This was confirmed to the Gazette this week by Mr Robert Hitchcock on behalf of the family partnership which owns the 27,000 acre crofting estate as public consultations continued over a community buy-out.
However, Mr Hitchcock – whose family has owned the estate since 1925 – indicated that they would expect the valuation to be “updated” to take account of factors which have emerged since the last formal valuation in 2019 when it was set at a little over £1 million.
He said: “That was the figure Savill’s came up with and since then we have continued less formally with valuations. There is a lot of value in peatland though forestry is not quite such a thing there. We would want to take a rounded view of the whole estate”.
He instanced telecom masts as a source of additional value and added: “There are also costs (involved in a sale) which is an entirely different matter”.
Mr Hitchock said: “We would hope to avoid the compulsory purchase route which is technically feasible under the 2003 Act”. This was welcomed by John Maher, chairman of the Bays of Harris Steering Group, who stressed that an “amicable” outcome was in everyone’s interests.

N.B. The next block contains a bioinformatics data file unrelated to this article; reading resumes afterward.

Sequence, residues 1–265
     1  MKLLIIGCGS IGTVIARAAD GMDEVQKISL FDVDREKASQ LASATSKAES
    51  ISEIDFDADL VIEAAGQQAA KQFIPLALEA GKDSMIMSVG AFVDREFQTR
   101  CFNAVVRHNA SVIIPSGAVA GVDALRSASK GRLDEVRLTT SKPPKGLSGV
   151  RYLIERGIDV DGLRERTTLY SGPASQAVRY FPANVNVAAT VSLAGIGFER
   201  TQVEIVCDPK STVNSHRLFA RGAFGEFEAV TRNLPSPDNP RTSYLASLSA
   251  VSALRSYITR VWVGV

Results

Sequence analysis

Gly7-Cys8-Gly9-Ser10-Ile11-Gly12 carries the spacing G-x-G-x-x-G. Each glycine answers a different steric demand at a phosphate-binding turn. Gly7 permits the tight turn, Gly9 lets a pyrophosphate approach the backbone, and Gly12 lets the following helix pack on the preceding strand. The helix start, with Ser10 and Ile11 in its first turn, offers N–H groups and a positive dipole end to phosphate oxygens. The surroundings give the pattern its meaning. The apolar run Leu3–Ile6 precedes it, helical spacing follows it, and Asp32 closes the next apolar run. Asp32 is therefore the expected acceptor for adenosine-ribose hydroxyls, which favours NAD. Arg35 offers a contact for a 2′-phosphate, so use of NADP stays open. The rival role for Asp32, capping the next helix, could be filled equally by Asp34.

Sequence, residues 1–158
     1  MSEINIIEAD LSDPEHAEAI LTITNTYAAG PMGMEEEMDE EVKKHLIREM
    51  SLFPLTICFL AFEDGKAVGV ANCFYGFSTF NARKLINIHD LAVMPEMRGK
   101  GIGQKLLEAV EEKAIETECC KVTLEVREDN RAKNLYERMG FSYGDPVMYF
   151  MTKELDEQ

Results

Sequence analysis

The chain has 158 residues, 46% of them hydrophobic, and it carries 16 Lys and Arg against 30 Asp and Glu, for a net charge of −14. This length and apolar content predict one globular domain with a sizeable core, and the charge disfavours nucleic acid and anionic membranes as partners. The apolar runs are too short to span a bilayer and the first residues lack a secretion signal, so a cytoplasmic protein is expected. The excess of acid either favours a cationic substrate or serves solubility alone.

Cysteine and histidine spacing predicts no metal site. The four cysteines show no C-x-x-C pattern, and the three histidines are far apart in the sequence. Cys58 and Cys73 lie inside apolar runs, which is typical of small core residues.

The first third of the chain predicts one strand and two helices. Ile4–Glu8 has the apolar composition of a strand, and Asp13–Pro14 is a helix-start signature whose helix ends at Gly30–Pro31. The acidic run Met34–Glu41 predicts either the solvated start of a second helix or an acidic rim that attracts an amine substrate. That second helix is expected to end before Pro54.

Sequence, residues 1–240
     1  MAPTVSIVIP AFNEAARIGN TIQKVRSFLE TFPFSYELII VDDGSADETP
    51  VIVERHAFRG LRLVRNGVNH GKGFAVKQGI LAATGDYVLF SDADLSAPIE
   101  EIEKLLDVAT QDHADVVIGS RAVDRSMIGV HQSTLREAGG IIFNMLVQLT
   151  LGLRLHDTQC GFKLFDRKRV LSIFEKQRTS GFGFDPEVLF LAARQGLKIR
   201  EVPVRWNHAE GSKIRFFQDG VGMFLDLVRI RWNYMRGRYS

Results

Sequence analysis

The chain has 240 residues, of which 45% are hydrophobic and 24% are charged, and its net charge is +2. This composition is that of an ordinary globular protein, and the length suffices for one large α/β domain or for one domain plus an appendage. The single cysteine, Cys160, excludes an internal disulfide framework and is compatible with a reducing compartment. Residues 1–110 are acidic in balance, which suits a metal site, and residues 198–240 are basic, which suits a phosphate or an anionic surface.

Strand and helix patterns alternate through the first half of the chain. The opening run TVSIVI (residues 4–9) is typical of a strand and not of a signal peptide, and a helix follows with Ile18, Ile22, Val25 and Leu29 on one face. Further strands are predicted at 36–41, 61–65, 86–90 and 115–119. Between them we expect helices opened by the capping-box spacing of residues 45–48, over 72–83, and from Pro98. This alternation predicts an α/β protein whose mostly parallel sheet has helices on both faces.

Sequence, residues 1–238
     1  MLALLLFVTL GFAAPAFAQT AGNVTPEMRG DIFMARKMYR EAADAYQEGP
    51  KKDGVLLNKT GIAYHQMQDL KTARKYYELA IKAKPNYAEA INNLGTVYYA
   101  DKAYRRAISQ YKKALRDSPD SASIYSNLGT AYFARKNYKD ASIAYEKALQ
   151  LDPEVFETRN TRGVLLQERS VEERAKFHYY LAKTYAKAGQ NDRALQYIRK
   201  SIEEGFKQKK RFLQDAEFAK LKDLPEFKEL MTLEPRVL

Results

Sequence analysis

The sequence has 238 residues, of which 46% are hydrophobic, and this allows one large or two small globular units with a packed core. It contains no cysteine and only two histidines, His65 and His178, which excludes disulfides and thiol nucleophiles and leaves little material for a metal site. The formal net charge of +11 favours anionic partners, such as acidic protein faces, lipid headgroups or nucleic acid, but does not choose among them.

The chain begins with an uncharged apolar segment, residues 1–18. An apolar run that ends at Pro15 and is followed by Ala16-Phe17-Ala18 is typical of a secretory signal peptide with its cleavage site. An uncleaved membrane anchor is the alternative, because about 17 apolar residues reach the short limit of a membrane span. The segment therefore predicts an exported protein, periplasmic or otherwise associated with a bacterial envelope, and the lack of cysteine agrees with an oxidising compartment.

A buy-out of this scale would have to be heavily backed by the Scottish Land Fund. There have been few land acquisitions in recent years and the Fund has increasingly moved towards supporting purchase of assets such as pubs, halls and lighthouses.
Another Harris buy-out would be a major boost for its original purpose. Both North Harris and West Harris estates are already in community ownership, accounting for 60 per cent of the Harris acreage. Both have been active in meeting housing needs – by far the biggest issue identified by communities on the Bays of Harris Estate.
Mr Hitchcock said that as well as responding to the result of an overall ballot within the community, “we would be interested to know what the crofters have to say as a sub-group. It is a crofting estate”.
There are 274 crofts divided among 28 townships. The land varies greatly as the Bays of Harris Estate contains three distinct elements – the rocky east side of Harris, Northton in south Harris and the island of Berneray which is now physically linked to North Uist by causeway.
This reflects the “job lot” sold to the current Hitchcocks’ grandfather in 1925 when the assets of Lever Brothers were disposed of at knock-down prices following the death of Lord Leverhulme and, with him, plans for major fishery developments at Leverburgh.
Mr Hitchcock said: “We have been discussing this with community representatives for ten years now. It was bubbling away before the pandemic and our position is as it was then - that we would take very seriously the outcome of any formal ballot”.
He added: “We are absentee landowners. I would absolutely acknowledge that but absentee is not necessarily disinterested. I travel up once a year and I would say that the estate is efficiently run through our factors in Stornoway”.